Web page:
“Not only are these outfits fun, but also one more way to signify to the world that essential bond between me and my daughter,” PE McNerney wrote in an article entitled “Two of a Kind” for the Hartford Courant, alongside a professional photo of her and her daughter in frontier style dresses from the Laura Ashley Mother and Child collection, purchased at the Westfarms Mall. (Which, according to a very swift response on Twitter, was most definitely the ‘fancy’ mall. In 2021 dollars, the daughter’s dress was $77 and the lace-edged pinafore was $53; the mother’s dress was $226 and slip was $120).
It’s no coincidence that the same years I yearned for a Laura Ashley-style dress, I also coveted a Samantha American Girl doll, and asked to decorate my room with a white canopy bed draped in pastel pink and white. We lived in a small town in Idaho, and class delineations were, for me, still largely felt not spoken. But I understood fancy, and at that moment, in the late ‘80s and early ‘90s, middle-class fancy meant unmistakably, overwhelmingly, traditionally feminine.
The old-fashioned, unapologetic white femininity of Laura Ashley operated in concert with the postfeminism of films like Pretty Woman, released in 1990, which offered a permission structure for women to stop fretting about equality, and sexism, and the patriarchy — and instead embrace the pleasures of shopping, and domesticity, and fairytale endings. As Ashley herself put it, “The clothes are no women’s lib. They’ve always been highly romantic, because I’m highly romantic.”
Just as Ashley fever initially spiked in 1983 and 1984 — arguably the height of Reaganist, pro-American fervor — the popularity of the Mother-and-Child collection coincided with the first Gulf War. As in the late ‘30s and late ‘40s, the visual cohesiveness of the middle class family, coupled with the reipscription of traditional gender roles, helped communicate a cohesive story about post-Cold War American identity to make the narrative of the Gulf War, and the U.S.’s role in it, even more legible. Was it patriotic to wear matching Laura Ashley dresses? Not exactly. But in that moment, it sure was American.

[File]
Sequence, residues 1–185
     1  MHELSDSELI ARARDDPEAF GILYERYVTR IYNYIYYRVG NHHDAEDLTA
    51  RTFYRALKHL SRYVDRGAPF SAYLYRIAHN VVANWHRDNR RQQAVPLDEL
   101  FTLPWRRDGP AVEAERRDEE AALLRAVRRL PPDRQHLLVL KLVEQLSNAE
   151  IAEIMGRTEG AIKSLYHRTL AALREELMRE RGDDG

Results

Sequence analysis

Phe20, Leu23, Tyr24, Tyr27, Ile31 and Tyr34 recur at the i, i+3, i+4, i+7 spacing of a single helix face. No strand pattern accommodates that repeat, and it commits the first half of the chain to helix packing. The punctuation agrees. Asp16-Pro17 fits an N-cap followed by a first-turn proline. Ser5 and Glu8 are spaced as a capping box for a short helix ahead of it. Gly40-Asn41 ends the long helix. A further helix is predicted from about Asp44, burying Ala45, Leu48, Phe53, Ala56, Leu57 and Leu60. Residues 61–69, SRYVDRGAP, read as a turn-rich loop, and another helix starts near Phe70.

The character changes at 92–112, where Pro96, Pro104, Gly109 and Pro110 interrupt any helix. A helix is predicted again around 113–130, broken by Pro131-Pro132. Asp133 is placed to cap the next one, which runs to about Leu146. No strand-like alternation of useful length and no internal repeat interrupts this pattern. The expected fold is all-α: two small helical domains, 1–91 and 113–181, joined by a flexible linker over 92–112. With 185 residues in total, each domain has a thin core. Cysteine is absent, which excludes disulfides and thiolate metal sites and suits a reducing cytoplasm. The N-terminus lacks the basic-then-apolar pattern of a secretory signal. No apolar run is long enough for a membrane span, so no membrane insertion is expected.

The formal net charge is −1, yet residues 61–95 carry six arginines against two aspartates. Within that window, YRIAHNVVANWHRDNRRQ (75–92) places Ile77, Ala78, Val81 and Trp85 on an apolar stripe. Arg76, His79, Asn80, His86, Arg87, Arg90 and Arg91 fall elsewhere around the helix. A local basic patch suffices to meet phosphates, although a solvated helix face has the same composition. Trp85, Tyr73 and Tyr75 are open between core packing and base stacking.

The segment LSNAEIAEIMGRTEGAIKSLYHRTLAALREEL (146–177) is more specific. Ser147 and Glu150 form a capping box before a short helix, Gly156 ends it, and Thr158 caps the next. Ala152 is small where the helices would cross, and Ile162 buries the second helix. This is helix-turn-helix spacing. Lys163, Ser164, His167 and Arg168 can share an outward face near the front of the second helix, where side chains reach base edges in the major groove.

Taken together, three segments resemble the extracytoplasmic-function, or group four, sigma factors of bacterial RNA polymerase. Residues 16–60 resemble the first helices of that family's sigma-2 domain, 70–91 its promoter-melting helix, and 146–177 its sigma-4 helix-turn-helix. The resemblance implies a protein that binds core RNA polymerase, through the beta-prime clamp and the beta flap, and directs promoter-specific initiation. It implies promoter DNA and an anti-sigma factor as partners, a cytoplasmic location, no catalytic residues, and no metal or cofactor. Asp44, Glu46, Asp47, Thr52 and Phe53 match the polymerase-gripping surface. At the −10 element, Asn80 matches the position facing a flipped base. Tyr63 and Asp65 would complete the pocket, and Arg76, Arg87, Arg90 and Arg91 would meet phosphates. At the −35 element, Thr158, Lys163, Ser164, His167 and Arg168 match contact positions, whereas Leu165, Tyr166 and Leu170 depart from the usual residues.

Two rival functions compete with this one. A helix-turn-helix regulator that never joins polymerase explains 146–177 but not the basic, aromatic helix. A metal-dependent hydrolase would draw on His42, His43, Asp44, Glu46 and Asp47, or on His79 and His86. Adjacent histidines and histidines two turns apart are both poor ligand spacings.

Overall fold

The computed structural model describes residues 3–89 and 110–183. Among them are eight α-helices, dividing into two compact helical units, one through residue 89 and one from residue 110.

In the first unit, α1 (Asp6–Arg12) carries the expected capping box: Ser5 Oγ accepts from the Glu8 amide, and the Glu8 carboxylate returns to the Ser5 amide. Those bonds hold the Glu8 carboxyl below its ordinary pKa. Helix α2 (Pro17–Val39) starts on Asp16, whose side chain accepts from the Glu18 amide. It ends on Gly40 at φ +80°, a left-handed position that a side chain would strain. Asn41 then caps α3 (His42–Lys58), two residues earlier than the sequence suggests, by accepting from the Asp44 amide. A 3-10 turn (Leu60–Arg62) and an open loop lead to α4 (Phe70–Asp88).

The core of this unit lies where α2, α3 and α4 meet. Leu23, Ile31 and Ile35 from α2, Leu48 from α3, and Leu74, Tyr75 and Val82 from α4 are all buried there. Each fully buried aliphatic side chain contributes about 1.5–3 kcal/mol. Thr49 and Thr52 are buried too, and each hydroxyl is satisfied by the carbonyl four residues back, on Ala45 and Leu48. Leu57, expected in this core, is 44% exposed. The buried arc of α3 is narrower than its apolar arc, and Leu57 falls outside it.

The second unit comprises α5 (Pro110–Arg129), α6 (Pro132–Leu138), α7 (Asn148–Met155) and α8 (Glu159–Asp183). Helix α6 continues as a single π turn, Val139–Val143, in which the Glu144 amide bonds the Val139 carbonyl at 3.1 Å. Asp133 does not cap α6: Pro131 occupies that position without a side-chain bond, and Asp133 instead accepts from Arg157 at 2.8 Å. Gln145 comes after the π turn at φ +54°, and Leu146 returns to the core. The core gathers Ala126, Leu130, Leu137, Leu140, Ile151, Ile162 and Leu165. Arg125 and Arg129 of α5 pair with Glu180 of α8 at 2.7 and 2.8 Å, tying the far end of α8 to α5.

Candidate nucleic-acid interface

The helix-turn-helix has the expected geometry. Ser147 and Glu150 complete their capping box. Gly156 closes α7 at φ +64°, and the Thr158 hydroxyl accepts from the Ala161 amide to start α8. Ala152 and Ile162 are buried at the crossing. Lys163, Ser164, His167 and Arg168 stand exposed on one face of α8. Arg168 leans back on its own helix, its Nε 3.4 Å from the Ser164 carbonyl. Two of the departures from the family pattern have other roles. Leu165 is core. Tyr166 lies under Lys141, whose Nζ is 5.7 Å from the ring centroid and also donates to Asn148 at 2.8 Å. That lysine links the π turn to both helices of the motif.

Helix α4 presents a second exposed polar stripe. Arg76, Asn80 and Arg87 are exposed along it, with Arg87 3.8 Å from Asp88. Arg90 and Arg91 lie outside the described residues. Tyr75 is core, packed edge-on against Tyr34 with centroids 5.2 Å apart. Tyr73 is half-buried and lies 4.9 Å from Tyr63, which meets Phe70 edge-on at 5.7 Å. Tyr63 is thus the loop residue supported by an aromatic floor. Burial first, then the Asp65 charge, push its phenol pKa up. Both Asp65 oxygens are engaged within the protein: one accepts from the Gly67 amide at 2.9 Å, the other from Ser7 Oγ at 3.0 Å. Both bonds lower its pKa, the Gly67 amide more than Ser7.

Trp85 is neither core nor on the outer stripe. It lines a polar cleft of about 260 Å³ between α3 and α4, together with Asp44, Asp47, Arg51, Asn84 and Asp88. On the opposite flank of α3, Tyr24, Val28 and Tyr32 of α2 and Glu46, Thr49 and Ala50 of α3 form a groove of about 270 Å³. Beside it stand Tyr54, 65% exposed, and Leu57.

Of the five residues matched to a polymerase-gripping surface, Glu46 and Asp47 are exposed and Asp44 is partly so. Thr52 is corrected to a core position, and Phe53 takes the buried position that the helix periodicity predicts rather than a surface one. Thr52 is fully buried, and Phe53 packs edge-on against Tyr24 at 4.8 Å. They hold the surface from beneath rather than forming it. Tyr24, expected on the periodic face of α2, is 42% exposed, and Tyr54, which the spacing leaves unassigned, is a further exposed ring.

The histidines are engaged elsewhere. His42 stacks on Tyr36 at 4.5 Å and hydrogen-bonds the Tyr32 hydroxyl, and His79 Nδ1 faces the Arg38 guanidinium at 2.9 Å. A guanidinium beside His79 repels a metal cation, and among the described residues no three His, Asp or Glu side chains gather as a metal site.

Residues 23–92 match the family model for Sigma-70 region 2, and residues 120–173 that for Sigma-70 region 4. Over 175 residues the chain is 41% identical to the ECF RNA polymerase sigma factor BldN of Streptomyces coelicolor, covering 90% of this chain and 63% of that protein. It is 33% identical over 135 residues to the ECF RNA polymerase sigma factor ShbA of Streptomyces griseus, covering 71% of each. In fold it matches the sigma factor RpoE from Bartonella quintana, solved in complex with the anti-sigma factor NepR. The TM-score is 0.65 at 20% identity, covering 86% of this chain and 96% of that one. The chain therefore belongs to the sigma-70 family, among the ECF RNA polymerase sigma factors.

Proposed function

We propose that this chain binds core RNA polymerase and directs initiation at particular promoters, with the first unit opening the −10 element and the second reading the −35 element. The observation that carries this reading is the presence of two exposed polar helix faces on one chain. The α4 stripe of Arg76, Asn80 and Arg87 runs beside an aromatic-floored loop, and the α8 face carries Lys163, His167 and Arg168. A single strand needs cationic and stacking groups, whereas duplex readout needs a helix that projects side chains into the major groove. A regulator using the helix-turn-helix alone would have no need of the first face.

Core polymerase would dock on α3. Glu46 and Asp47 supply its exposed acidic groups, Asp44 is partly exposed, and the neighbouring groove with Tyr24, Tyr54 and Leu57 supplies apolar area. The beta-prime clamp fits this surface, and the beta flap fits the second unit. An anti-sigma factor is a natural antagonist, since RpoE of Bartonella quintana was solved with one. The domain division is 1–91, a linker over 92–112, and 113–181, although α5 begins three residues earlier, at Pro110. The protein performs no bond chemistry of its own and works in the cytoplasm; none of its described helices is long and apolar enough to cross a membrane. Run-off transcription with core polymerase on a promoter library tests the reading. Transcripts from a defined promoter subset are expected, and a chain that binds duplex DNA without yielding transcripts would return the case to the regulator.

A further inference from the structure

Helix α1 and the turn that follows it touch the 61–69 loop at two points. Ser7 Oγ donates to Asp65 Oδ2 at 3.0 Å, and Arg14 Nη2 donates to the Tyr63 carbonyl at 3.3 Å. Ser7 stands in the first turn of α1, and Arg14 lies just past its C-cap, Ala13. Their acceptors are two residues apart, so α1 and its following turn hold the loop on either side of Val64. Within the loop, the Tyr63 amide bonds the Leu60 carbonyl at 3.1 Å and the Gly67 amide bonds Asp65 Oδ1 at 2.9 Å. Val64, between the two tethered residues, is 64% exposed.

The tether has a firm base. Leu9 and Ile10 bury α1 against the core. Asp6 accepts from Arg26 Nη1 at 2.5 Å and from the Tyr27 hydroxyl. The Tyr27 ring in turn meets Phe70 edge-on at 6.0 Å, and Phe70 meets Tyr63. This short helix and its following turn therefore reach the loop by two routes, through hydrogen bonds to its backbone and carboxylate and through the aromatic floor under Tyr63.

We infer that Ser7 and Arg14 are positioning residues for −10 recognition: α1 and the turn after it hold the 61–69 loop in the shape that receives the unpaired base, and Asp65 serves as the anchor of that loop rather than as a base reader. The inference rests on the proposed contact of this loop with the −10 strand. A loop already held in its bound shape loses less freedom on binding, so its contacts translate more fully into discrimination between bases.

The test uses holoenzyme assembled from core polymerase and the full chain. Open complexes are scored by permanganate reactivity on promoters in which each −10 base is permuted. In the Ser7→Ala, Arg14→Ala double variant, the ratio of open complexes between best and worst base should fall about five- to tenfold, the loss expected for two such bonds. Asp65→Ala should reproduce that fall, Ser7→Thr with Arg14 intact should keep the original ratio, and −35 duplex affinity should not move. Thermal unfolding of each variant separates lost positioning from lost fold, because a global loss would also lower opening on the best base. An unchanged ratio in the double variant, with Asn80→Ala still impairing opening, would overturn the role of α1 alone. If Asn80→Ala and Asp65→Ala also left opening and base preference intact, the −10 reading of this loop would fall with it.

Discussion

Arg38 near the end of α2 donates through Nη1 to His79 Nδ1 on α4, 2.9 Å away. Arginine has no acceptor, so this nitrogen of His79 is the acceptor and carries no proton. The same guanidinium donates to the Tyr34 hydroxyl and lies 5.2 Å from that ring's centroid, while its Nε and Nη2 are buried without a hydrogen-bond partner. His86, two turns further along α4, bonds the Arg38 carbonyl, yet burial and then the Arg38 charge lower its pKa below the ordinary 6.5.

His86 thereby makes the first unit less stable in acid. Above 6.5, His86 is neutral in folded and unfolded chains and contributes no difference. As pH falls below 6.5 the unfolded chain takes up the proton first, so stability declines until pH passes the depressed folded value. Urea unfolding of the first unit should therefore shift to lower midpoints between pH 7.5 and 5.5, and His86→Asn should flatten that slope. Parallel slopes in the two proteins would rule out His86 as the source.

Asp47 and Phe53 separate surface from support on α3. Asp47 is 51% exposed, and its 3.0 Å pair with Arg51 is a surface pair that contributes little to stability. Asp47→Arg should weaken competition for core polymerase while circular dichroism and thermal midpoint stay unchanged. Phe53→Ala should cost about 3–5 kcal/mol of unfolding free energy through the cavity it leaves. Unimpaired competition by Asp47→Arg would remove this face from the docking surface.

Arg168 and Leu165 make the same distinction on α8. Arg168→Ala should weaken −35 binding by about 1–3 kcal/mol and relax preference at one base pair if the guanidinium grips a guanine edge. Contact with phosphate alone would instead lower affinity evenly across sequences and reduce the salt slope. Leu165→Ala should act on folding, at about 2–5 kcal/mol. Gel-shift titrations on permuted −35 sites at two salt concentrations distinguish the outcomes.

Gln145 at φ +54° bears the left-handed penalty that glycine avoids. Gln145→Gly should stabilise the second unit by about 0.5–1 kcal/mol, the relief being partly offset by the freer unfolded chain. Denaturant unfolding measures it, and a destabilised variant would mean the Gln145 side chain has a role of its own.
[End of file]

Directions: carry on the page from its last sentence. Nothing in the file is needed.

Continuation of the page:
The Laura Ashley dress was gradually subsumed by the cheery, pop styles of the late ‘90s, with the Spice Girls and Britney Spears offering a new, midriff-baring feminine ideal. When 9/11 hit, the dresses were still firmly in the out-moded bin, still too recently popular for real nostalgia. Boho styles — a sort of rebellious cousin to Laura Ashley — would reemerge in the mid-2010s, this time in the ‘festival chic,’ Free People styles of a 16-year-old’s first trip to Coachella. The look is ‘romantic,’ but also meant for people with Pretty Little Liars hair and bikini tops with tassels.
But a more conservative version was percolating as well. Christy Dawn, whose price points, hem lines, and small florals fabrics make the dresses ringers for Laura Ashley, launched in 2014. The company makes “sustainable, ethical, and timeless” dresses that are “vintage inspired” with the latest collection dubbed “Farm to Closet.” Laura Ashley was obsessed with reviving old prints and patterns; Christy Dawn has made its reliance on dead stock a central selling point of the brand. Laura Ashley relied on word of mouth and catalog direct-to-consumer marketing; Christy Dawn relies on Instagram influencers and targeted social media ads (which is how I first found the brand).
Laura Ashley’s marketing was almost exclusively white and slender; Christy Dawn has made racial diversity and (relative) diversity of size central to its brand image. Some women complained that Laura Ashley’s designs made them look pregnant (Ashley’s response: “Ah, but what’s nicer than being pregnant?”); Christy Dawn has “curated a collection of loose and flowing fits with baby bumps and nursing in mind.” Laura Ashley and its Mother and Child collection, and Christy Dawn has “dreamy deadstock creations” (aka matching dresses) “made for the little ones who light up our world,” photographed in the same scenarios of bucolic bliss.
Other companies arrived at the Laura Ashley aesthetic by starting with children’s clothes and expanding into women’s dresses (Maisonette), or simply centering Laura Ashley mother-daughter styles as part of their Spring Line (the cover of Anthropologie’s Spring catalog). Hill House, the company responsible for the Nap Dress, launched as a direct-to-consumer bedding company in 2016, competing with Bowl & Branch and Brooklinen, before expanding to home, accessories, bridal, and apparel for kids and adults, with the stated goal of designing “product that bring beauty and joy to everyday rituals.”
On the Hill House website, the portrait of the founder and CEO, Nell Diamond, could be straight out of a Laura Ashley promotional shoot. Her goal with the company: “make happy things for happy places,” e.g., the home. That includes the nap dress, launched in 2019, which Diamond explains as “an extension of my identity as an extreme homebody.” “I would spend all my time at home if I could,” she told Fast Company. “But I also want my outfit to make me look polished and at my best. I don’t think you need to compromise on that.”